In what he reckoned was his first commencement address since 1995, Folsom — a 63-year-old fellow Gamecock — urged members of the Class of 2012 to seek balance in their lives as they begin careers and post-collegiate lives.
He told the graduates of the last days of President Lyndon B. Johnson, who, as Johnson biographer Doris Kearns Goodwin described it, had been sapped of his vitality once out of office because he had put so much of himself into politics and died a sad man.
“Nothing, when it really gets down to it, no amount of power, no amount of success or money is worth that,” he told the Class of 2012. “I really hope that ‘When you are old and grey and full of sleep’ as the poet William Butler Yeats once wrote, that you can say your goal in life was not the perfection of work alone, but the perfection of life.”
Folsom himself is a new JSU degree recipient, having been awarded an honorary doctorate of letters Thursday in honor of his years of service to the state of Alabama and to the university.
The university’s Board of Trustees passed a resolution last month awarding Folsom the honorary degree after he rotated off the board following more than two decades of service. Folsom’s term expired last fall, and though Gov. Robert Bentley recommended him for reappointment, it was denied by the state Senate’s Confirmation Committee.
Senate President Pro Tem Del Marsh, R-Anniston, who heads the committee, said he would like to see more diversity and a shift in focus from athletics to academics on the board.
Board President Jim Bennett, referring to the newly-minted “Doctor Governor,” said Folsom chaired the board’s athletic committee with great distinction. Appointed Secretary of State by Folsom when he became governor in 1993, Bennett said that Folsom had a great capacity for vision for the university.
“Governor Folsom was a man who didn’t view the world in snapshots,” he said, “but looked across a much broader field at what actually could be.”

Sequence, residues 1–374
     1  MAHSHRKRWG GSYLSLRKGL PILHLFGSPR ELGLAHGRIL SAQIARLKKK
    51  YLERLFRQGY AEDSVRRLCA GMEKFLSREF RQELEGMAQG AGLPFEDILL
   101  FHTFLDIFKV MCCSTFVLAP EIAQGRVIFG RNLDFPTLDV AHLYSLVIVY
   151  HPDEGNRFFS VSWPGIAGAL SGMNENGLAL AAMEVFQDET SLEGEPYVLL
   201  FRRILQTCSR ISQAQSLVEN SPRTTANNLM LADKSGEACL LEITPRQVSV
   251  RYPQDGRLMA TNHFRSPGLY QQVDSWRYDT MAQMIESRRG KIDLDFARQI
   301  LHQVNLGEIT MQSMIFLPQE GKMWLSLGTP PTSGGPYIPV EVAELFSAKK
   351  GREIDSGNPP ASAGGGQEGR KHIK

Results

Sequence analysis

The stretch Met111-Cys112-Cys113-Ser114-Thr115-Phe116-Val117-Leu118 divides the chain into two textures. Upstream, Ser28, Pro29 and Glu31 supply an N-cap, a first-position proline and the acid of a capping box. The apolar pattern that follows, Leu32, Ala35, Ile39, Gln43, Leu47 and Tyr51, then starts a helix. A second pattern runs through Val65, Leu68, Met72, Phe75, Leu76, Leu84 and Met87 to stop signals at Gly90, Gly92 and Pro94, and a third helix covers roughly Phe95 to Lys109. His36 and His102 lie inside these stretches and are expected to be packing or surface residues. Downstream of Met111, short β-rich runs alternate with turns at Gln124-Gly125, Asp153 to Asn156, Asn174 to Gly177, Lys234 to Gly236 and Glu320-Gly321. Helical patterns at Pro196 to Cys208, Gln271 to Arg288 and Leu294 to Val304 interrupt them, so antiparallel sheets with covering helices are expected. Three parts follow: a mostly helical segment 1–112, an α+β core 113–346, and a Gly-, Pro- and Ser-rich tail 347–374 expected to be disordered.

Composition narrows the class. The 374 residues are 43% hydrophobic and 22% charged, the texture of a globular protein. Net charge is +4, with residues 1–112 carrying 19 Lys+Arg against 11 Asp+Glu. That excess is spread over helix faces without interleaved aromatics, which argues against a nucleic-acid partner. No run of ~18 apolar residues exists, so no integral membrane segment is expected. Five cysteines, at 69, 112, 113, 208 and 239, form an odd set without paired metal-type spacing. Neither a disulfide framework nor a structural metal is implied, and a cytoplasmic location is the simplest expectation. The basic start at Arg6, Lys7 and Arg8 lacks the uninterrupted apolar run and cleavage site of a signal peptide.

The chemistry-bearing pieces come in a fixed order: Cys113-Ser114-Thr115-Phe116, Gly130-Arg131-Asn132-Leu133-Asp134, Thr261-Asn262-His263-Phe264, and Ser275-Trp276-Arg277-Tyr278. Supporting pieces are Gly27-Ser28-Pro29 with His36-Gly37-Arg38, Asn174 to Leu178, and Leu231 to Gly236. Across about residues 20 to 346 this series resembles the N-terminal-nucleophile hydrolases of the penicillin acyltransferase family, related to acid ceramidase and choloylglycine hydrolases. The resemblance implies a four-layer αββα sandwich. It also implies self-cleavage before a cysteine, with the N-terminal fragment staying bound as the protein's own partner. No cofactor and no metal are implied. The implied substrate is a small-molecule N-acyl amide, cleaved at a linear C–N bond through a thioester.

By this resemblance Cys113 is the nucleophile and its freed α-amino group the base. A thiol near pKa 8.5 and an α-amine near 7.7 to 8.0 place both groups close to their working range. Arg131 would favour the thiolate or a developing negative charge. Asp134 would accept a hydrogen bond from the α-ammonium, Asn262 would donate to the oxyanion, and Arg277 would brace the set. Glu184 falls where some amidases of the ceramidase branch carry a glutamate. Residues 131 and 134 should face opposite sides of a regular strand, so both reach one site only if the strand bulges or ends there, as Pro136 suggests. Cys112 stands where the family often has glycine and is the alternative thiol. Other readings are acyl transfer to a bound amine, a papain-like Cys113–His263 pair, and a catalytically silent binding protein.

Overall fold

Bennett noted Folsom’s leadership in renovating the university’s stadium, and JSU President Bill Meehan said Folsom was key in helping move the university from Division II to Division I and ultimately into the Ohio Valley Conference.
“The school is improving; we’re moving along,” Folsom said, noting such growth as increased average ACT scores and growth of the honors program.
Thursday’s graduates also recognized recent transitions at the university.
“I feel like I was here at JSU during a big part of their growth,” said Emily Glaser, a summa cum laude graduate, who pointed to moves like requiring freshmen to live on campus, creation of a doctoral program and the stadium expansion.
“I feel like there’s been so many changes since I was a freshman — good changes, steps in the right direction.”
Lori Owens, an associate professor and head of the political science department at JSU, said Folsom has seen a lot of changes in Alabama during his tenure as an elected official in such areas as economic development and race relations.
“He stepped in as governor during a difficult time for the state,” she said. Gov. Guy Hunt had just been convicted of ethics violations and removed from office. Folsom had begun to push for incentives to woo Mercedes into Alabama at a time, she said, when there was a lot of criticism for such incentives. Instead, say Alabama historians, it became his legacy, opening the door to other automobile manufacturers.
“He’s always had that progressive vein in terms of his politics like his father had,” she said, pointing out that Big Jim Folsom was seen as softer on the issue of race during segregation. And it was Little Jim who made the decision that the Confederate flag would not return to fly over the Capitol after renovations to the building were completed.
Glen Browder taught Folsom when he was a student at JSU in the 1970s and claims Folsom as a colleague and friend.
“Stepping back, I think his place is Alabama history will be as a popular, successful public official whose personality overshadowed any political ambitions he may have had,” he said of his former Southern Politics student.
Folsom’s message to grads has been evident in his own life, according to Browder. “I don’t think he was ever a highly partisan or ambitious politician,” he said. “He would have been just as happy living the life with his family and friends as serving in a high political office.”
“I would hope that as each of you make your own choices over time,” Folsom said Thursday, “you would choose in such a way that allows your drive for achievement to be balanced with an equal commitment to love and to play and to your family and to your friends, and to your community.”